18. The attraction of ethical relativism 1. The option that absolutism and relativism are the only alternatives. 2. Objectiviam is confused with realism. 3. The move from descriptive cultural relativism to normative ethical relativism. 4. Drive to moral nihilism and relativism because of the decline of religion in Western society. 5. As metaethics so ought also ethics be morally neutral (amoral). Pojman p 56-58

  19. Egoism The doctrine thatit is morally right always to seekone's own self-interestwithout regard for others. Pojman p 71

  20. Four types of egoism

  21. Ethical egoism 1. The Economist Argument individual selfinterest in a competitive marketplace produces a state of optimal goodness for society at large 2. The Argument for the Virtue of Selfishness altruism is suicidal 3. The Hobbesian Argument because we are predominantly psychological egoists it is morally permissible to act entirely out of self-interestPojman p 72-74

  22. A critique of ethical egoism 1. The Inconsistent Outcomes Argument morality is not a guide to action 2. The Publicity Argument egoist must act alone, atomistically or solipsistically in moral isolation 3. The Paradox of Egoism in order to reach the goal of egoism on emust give up egoism and become (to some extent) an altruist 4. Counterintuitive Consequences helping others at one's own expense is morally wrong Pojman p 76-78

  23. Altruism The theory that we can and should sometimes act in favor of others' interests. Pojman p 66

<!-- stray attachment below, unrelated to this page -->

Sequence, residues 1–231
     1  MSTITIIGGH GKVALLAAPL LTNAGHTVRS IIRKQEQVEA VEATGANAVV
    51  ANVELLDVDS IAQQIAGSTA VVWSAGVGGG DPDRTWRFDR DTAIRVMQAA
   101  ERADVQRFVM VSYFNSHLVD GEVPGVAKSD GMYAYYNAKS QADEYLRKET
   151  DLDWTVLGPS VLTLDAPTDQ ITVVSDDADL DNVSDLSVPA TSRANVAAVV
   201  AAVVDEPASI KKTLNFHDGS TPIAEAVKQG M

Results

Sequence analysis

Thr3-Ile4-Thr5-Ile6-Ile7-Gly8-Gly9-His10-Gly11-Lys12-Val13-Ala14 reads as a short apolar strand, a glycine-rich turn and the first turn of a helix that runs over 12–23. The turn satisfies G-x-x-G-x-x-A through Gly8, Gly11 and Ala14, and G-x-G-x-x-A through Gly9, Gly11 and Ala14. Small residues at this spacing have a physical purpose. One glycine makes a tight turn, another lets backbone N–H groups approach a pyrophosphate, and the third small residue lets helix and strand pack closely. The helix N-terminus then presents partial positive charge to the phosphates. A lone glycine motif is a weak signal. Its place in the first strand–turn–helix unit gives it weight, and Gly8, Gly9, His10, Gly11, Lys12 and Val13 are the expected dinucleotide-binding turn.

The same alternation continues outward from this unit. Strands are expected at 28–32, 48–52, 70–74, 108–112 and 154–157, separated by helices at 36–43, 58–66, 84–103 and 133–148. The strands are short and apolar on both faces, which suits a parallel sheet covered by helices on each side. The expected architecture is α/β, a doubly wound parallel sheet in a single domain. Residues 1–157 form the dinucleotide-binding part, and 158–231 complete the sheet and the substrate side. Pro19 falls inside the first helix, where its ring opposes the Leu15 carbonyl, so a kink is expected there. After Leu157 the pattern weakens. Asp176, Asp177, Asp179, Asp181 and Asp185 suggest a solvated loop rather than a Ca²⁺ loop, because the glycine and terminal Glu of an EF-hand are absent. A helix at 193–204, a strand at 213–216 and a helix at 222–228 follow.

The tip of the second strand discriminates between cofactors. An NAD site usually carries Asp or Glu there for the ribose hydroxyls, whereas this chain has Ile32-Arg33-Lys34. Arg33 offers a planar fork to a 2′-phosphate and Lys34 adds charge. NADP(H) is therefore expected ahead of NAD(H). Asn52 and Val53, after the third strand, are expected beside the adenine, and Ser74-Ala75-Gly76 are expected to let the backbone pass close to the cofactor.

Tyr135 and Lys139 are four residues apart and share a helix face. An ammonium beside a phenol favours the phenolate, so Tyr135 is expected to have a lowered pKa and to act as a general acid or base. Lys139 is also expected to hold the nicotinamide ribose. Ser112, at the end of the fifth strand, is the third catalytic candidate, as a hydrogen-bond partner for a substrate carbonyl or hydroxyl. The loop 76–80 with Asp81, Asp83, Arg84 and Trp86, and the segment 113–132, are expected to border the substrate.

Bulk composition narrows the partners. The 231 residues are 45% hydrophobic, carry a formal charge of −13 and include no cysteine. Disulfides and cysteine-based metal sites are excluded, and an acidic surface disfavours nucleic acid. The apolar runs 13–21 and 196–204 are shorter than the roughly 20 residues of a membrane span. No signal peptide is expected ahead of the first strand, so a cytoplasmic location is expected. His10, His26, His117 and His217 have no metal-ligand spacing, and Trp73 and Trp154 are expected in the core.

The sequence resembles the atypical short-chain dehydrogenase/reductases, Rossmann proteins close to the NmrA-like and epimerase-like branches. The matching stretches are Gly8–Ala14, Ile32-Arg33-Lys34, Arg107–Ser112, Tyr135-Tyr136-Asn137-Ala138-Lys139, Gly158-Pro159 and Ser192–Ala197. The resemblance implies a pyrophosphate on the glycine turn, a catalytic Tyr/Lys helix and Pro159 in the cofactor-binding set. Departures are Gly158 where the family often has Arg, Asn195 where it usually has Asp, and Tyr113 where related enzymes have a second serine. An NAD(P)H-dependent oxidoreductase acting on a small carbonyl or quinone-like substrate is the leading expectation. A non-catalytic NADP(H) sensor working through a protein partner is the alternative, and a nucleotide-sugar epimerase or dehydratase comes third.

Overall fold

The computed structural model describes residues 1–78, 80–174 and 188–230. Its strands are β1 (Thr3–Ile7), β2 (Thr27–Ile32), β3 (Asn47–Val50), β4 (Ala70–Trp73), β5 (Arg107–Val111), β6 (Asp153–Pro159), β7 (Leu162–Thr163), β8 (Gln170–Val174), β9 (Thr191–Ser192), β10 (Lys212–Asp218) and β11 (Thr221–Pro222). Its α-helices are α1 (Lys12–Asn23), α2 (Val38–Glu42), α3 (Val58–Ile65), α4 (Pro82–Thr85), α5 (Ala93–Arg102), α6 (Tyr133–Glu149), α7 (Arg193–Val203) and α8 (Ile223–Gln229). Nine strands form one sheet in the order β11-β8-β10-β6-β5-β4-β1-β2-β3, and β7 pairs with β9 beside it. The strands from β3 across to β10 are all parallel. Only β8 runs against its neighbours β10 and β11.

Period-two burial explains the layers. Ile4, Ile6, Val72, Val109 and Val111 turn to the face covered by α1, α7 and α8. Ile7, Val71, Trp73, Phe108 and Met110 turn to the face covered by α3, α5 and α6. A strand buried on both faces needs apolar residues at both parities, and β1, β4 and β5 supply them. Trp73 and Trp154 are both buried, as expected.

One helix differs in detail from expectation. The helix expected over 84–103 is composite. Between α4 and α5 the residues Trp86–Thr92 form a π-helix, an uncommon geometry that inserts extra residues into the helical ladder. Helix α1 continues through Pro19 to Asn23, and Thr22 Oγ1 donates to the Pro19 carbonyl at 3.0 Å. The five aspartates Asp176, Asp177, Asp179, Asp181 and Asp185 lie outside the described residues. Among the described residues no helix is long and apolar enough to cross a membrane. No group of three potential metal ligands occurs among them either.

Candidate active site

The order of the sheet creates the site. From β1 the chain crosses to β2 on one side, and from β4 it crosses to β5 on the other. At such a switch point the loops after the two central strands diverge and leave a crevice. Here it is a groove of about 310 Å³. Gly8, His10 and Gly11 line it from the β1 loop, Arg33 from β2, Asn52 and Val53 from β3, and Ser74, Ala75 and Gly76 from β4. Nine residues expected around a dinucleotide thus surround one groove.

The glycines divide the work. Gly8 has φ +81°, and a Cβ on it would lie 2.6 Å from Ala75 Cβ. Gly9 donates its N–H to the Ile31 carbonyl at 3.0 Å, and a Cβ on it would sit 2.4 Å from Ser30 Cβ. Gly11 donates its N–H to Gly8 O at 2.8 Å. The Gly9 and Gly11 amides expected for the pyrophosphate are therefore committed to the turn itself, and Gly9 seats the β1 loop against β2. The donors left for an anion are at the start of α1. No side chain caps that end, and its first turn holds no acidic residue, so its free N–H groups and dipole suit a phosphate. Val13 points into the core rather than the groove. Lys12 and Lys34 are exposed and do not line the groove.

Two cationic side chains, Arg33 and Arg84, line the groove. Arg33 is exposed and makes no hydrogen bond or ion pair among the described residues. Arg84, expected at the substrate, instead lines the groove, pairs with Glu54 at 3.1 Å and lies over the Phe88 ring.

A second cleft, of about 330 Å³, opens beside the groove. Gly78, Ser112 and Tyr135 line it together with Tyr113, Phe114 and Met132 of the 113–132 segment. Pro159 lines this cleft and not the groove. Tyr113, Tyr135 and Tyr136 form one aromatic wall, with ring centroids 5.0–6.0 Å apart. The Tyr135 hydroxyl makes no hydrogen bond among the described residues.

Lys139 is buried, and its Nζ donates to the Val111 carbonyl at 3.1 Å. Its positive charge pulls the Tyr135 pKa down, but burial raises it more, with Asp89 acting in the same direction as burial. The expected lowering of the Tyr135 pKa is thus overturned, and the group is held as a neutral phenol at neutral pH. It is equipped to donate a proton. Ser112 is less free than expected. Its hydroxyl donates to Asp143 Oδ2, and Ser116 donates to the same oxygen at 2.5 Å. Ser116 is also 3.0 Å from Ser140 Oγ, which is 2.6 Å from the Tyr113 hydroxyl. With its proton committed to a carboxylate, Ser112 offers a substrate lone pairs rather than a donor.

24. Four types of altuism

  25. Reciprocal Altruism No duty to serve those who manipulate us, but willing to sharewith those willing to cooperate. Pojman p 80

  26. Axiology -10..........................0.........................+10 negative neutral positive evil/disvalue (value neutral) highest value Pojman p 85

  27. Value (to be of worth) intrinsic worthy in itself (because of its nature) instrumental creation of choosers (because of its consequences) Pojman p 86-87

  28. Plato's question Do we desire the Good because it is good, or is the Good good because we desire it? Pojman p 85

  29. Schema of the Moral Process ACTIONS Failure: weakness of will leads to guilt DECISIONS Failure: perverse will leads to guilt JUDGMENTS Weighing Failure: error in application PRINCIPLES Normative question: What ought I do? VALUES Objects of desire or objects existing independently of desires FORMS Hierarchies of beliefs, values, OF LIFE and practices; cultures or ways of life RATIONAL Of ethical theories JUSTIFI- 1. Impartiality CATION. 2. Freedom 3. KnowledgePojman p 95

  30. The Relation of Value to Morality Values are rooted in cultural constructs (in whole forms of life) and are the foundation for moral principles upon which moral reasoning is based. Pojman p 96

  31. Views of happiness

  32. Plan-of-life • an integrated whole • freely chosen by the person • possible to realize Pojman p 97